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Article by Mohan Babu


Combat piracy, protect IPR

NASSCOM’s initiatives have reduced software piracy in India, but as Indians move up the value chain and start developing software solutions for global clients, it becomes imperative that we project a cleaner image in the global marketplace, writes MOHAN BABU

An interesting news item caught my attention last week. The news, reported by Dailynews on Yahoo was titled, “Overland Park bust allegedly yields pirated videos”. The story highlighted the rampant prevalence of piracy of Indian movies that regularly takes place in the US. It also made me sit-up and think about the significance of protection of intellectual property rights (IPR).

As per the news story, two (Indian) businesses were raided, and supposedly, thousands of bootlegged video recordings were found. “The music and movie recordings on tape and DVD are from famous Indian and Pakistani artistes. One film was just released in theatres in India last Friday,” the article went on to say. Even though America has some of the most stringent anti-piracy and intellectual property laws, along with rigid enforcement, native movies slip through the cracks.

Similar to the piracy of videos is the prevalence of software piracy. American companies spend billions of dollars trying to protect their valuable intellectual properties. Business Software Alliance (BSA) is the foremost organisation dedicated to promoting legal software. The organisation states: “Software is one of the most valuable technologies of the Information Age, running everything from PCs to the Internet. Unfortunately, because software is so valuable, and because computers make it easy to create an exact copy of a program in seconds, software piracy is widespread. From individual computer users to professionals who deal wholesale in stolen software, piracy exists in homes, schools, businesses and government.

Software pirates not only steal from the companies that make the software, but with less money for research and development of new software, all users are hurt. That’s why all software piracy—even one copy you make for a friend—is illegal.” The statistics on piracy are staggering. Although seeing a bit of a decline in the past decade, it is still prevalent.

Software piracy is a global phenomenon with most of the under-developed countries openly flouting international piracy laws. Interestingly, India does not figure very high on the list of international culprits when it comes to software piracy. In India, during 1999, software piracy amounted to about 60 percent. This is still low compared to about 91 percent in China and 89 percent in Russia during that time. Even though the percentage of piracy is high in different parts of the world, the regions with the highest dollar losses in 1999 were North America and Western Europe.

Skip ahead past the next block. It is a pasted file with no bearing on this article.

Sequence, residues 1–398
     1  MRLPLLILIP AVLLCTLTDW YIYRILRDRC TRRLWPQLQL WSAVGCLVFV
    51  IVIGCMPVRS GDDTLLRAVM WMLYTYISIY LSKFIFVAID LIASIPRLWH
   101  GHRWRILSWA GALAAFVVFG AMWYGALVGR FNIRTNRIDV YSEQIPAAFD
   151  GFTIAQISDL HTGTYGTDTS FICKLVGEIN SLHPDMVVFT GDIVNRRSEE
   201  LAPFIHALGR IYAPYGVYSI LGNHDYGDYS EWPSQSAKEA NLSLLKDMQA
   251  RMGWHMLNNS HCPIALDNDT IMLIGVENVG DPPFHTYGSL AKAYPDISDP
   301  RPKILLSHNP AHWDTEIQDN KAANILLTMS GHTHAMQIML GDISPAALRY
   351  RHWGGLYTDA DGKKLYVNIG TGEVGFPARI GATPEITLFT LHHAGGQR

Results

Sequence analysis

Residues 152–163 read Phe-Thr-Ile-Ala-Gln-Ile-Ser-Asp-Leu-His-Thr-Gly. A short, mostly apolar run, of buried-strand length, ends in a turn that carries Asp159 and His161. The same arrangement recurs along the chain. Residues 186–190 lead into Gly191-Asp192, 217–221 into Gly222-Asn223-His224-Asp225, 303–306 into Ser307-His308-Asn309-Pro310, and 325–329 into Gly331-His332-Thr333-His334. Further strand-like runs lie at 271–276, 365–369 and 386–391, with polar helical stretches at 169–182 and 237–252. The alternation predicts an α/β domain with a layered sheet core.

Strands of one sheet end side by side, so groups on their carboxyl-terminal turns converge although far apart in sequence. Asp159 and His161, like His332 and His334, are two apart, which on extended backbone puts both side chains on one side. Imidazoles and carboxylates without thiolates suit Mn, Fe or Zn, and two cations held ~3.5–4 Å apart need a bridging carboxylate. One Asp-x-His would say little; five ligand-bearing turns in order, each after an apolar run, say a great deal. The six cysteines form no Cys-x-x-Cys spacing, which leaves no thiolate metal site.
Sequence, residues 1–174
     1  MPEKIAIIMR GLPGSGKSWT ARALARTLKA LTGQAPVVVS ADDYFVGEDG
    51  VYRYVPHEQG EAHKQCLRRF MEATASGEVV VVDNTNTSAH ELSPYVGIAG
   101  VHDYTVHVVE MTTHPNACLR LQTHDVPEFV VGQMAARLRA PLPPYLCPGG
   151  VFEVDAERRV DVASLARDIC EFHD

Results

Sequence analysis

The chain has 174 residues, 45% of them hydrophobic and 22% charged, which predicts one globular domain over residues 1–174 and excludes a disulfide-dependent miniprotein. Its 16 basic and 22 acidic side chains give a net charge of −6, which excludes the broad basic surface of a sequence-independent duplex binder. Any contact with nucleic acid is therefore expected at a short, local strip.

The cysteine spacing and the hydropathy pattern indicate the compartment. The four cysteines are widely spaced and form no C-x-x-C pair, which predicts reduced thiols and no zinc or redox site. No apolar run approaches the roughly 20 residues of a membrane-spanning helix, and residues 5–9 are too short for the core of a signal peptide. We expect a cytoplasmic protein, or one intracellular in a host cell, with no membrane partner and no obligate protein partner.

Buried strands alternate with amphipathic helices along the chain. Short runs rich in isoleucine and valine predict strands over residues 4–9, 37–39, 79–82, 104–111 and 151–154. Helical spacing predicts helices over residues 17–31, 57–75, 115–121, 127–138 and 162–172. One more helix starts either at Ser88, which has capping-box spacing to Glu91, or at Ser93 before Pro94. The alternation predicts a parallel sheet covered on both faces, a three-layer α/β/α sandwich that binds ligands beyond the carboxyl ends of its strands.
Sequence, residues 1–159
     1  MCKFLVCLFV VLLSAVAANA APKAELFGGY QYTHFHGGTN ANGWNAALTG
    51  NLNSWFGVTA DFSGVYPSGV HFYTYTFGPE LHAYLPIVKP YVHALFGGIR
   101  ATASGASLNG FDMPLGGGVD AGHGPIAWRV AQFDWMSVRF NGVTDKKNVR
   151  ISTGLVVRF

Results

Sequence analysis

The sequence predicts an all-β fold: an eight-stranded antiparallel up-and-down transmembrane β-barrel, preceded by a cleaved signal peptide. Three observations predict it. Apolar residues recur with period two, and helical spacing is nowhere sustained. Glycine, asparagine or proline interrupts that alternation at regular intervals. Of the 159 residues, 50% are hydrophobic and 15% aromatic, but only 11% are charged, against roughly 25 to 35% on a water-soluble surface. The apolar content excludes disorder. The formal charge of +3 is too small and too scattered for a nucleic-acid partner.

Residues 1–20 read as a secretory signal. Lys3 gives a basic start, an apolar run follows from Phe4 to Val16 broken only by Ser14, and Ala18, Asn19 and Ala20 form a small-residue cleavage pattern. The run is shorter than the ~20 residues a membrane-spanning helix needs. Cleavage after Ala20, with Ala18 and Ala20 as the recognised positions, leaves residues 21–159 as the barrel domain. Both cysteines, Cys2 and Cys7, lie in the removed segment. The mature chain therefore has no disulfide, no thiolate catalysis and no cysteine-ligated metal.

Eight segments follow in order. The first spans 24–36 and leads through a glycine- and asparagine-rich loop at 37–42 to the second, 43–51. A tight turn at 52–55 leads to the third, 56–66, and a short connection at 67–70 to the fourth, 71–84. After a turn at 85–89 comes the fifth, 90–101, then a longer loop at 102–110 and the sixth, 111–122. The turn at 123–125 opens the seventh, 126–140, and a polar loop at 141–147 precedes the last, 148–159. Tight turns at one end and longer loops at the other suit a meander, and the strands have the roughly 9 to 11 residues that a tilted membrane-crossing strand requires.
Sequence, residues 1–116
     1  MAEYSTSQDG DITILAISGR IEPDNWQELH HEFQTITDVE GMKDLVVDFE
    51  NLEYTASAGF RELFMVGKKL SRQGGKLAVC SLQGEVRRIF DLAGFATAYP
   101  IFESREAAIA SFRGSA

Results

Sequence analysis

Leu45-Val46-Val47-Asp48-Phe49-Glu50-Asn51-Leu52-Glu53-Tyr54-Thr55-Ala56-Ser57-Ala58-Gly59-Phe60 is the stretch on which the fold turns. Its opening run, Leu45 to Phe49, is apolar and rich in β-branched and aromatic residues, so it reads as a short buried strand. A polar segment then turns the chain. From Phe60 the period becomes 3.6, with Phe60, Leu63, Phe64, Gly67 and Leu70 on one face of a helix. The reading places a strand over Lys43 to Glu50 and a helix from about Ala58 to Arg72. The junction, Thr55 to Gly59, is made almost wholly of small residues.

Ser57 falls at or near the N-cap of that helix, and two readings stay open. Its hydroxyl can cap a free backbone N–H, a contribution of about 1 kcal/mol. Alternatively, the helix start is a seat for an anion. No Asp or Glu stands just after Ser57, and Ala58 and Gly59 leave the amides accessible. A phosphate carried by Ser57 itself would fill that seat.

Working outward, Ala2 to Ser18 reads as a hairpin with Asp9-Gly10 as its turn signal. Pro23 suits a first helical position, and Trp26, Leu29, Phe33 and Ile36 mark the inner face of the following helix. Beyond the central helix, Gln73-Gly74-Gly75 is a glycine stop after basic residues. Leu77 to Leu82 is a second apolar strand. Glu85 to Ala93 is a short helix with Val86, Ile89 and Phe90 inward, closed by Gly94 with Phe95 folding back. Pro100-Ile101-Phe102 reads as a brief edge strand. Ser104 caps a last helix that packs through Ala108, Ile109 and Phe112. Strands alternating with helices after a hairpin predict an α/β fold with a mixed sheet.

With the largest economies concentrated in these regions, along with the highest concentration of PC and software markets, even a low rate of piracy translates to a very high amount. In 1999, Asia’s dollar losses were $2.8 billion whereas in the US alone the loss due to piracy was $3.2 billion.

NASSCOM’s initiative to thwart piracy has helped reduce software piracy in India from a high of about 89 percent in 1993 to 60 percent during 1999. As Indians move up the value chain and start developing software solutions for global clients, it becomes imperative that we project a “cleaner” image in the global marketplace. It will be difficult to police the misuse of Indian software and systems in the global marketplace, if we do not eat our own cooking.




About the Author

  • A Bio and profile of the author, Mohan Babu, can be found at his homepage
  • Mohan has authored a book on Offshoring and Outsourcing (Publisher McGraw Hill, India), a link to which can be found here
  • Mohan has also authored an Online book on "Life in the US," available for free download.
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    ©Mohan Babu: All Rights Reserved 2005

    Mohan Babu is an international consultant trying to find the ‘sweet spot’ where IT meets business. E-mail: mohan He is also the author of a recent book on "Offshoring IT Services"

    All rights are reserved. Mohan Babu ("Author") hereby grants permission to use, copy and distribute this document for any NON-PROFIT purpose, provided that the article is used in its complete, UNMODIFIED form including both the above Copyright notice and this permission notice. Reproducing this article by any means, including (but not limited to) printing, copying existing prints, or publishing by electronic or other means, implies full agreement to the above non-profit-use clause. Exceptions to the above, such as including the article in a compendium to be sold for profit, are permitted only by EXPLICIT PRIOR WRITTEN CONSENT of Mohan Babu. 

    Disclaimer: This document represents the personal opinions of the Author, and does not necessarily represent the opinion of the Author's employer, nor anyone other than the Author. This Article was originally published in Express Computers


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